Really?

    There is a difference between a solid argument and just going through the motions.
    You have to sit somewhere within the vicinity of the fence, whether on a stool or not.

    We are told that doing nothing is a sin and that killing is wrong.
    We are told that international War is bad and private enterprise is good.
    But almost every concept exploited by private enterprise has been a product of military research. I could say that the exception of this rule is the internet, which was born out of the wish for scientists to share information.
    According to a certain Government Minister, file sharing is a crime.

    The wireless north ;-) • Since Dec 2006 • 4941 posts Report Reply

  • Susannah Shepherd, in reply to James Butler,

    A quick Google™ suggests that "Affluenza" may well be worth reading, so I shall reserve judgment for the time being.

    Yes, it is worth reading and reflecting on - and I say that as someone who disagreed with quite big chunks of it. What interested me about the study I am trying to recall the details of was that it looked at Asian countries of differing wealth and consumerism levels - so that the effect of cultural norms you describe was (partially) controlled for.

    Wellington • Since Jan 2008 • 57 posts Report Reply

  • Sacha, in reply to Steve Barnes,

    the internet, which was born out of

    http://en.wikipedia.org/wiki/Arpanet

    Ak • Since May 2008 • 16838 posts Report Reply

  • Steve Barnes, in reply to Sacha,

    Damn you and your Wiki foo and your pendanticallity.
    Teh Interwebz Which, in turn led to... ie out of which was born...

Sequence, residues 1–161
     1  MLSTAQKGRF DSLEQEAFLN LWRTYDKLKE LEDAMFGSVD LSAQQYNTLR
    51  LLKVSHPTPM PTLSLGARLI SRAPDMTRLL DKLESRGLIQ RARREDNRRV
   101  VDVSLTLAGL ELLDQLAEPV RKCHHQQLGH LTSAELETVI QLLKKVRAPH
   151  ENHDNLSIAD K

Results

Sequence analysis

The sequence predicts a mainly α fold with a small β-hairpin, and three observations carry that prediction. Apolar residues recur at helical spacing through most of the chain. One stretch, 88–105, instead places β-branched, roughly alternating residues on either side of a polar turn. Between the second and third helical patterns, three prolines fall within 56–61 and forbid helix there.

"The World-Wide Web was developed to be a pool of human knowledge, and human culture, which would allow collaborators in remote sites to share their ideas and all aspects of a common project."

    The wireless north ;-) • Since Dec 2006 • 4941 posts Report Reply

  • Steve Barnes, in reply to Susannah Shepherd,

    A quick Google™ suggests that "Affluenza" may well be worth reading,

    You may also like...

    The wireless north ;-) • Since Dec 2006 • 4941 posts Report Reply

  • Sacha, in reply to Steve Barnes,

    a product of military research. I could say that the exception of this rule is

    not quite :)

    Ak • Since May 2008 • 16838 posts Report Reply

  • Rob Stowell,

    And a true piece of data is confined to that particular moment.

    there’s a stool in the middle of the kitchen floor

    Really?

    Not any more. I moved it. With my bare hands :)

    experiencing my place in the world in a way that would make the slings and arrows seem less painful, less personal, less malevolent.

    Watching Kevin what-sit on TV tonight, 'slumming it' in India- he was amazed at how happy most people there people seemed. NZ and the "western nations" maybe not so much? I wonder if part of that's to do with continual close contact with communities/people- lots of them. Something most NZers might find very wearing, at least for the first decade or so.